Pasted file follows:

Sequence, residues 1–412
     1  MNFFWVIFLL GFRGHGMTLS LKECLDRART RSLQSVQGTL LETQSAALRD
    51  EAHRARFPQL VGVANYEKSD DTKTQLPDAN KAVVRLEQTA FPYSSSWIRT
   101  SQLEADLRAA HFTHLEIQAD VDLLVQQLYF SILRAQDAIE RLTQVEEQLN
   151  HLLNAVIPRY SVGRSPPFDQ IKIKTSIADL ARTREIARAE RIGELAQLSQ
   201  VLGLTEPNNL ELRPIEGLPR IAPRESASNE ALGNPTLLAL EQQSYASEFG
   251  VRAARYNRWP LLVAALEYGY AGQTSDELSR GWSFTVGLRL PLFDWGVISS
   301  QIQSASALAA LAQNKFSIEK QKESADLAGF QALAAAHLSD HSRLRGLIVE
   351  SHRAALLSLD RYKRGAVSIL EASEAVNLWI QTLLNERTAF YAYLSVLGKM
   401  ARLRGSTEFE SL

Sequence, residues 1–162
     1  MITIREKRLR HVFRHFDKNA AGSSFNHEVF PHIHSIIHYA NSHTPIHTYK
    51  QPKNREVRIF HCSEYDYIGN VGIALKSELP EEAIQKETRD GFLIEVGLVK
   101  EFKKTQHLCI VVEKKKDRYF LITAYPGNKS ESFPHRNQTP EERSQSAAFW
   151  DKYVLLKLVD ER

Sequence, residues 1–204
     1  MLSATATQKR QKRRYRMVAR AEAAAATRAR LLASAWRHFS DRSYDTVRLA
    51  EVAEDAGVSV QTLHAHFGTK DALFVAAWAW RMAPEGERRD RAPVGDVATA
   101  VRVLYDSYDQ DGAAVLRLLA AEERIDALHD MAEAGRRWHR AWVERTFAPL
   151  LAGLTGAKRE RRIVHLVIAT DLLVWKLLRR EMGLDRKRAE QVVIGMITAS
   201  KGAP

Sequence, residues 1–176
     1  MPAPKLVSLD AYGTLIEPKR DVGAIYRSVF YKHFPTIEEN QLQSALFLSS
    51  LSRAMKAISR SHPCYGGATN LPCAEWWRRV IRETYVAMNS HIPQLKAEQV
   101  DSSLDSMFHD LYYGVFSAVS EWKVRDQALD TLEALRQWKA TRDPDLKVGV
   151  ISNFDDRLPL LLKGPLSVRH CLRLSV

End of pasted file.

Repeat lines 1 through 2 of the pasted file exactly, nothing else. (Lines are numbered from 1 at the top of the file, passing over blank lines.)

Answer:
Sequence, residues 1–412
     1  MNFFWVIFLL GFRGHGMTLS LKECLDRART RSLQSVQGTL LETQSAALRD